The company calls the law unconstitutional.
The lawsuit was filed in Hennepin County District Court on Tuesday. It seeks an injunction to keep the company from breaking the law, which took effect in March.
Company President George Corporaal said in October that he would challenge the law, saying his company and others might go out of business if they couldn't offer incentives. The ban on promotional gifts applies only to glass work paid for in whole or in part by insurance.
"We really do feel that giving $100 to our customers is one of our constitutional rights," Corporaal said. "It's a free enterprise system. You're supposed to have freedom of speech."
Corporaal isn't alone.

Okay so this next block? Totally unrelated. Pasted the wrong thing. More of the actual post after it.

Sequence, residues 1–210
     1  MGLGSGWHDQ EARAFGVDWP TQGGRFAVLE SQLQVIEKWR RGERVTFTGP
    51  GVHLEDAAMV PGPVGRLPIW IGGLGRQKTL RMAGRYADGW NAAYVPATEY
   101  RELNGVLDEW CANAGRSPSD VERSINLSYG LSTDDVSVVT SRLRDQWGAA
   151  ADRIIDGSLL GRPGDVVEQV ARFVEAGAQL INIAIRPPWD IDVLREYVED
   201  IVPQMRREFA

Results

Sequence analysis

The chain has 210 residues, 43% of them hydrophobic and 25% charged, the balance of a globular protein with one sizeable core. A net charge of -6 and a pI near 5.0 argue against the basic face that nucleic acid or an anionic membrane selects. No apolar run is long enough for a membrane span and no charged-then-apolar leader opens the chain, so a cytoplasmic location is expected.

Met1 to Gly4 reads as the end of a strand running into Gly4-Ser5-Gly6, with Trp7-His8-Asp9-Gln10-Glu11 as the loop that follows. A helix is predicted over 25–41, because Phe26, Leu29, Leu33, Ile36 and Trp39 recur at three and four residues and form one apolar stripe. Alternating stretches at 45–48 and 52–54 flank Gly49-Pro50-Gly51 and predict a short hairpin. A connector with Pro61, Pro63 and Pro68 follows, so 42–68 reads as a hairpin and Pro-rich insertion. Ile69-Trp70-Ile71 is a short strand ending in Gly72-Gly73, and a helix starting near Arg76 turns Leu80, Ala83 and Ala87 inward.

John Boulay, president of the Minnesota Independent Auto Glass Association, said the law has had a negative impact on the auto glass industry.
"Without the ability to market to our consumers, insurance companies and large glass shops are easily able to steer business away from smaller independent shops," he said.
But Deputy Attorney General Lori Swanson said the company should have gone to court to get a judgment declaring the law unconstitutional.
"In this case, what we have is a company deciding it doesn't like the statute and therefore will violate the statute instead of pursuing proper legal recourse," she said.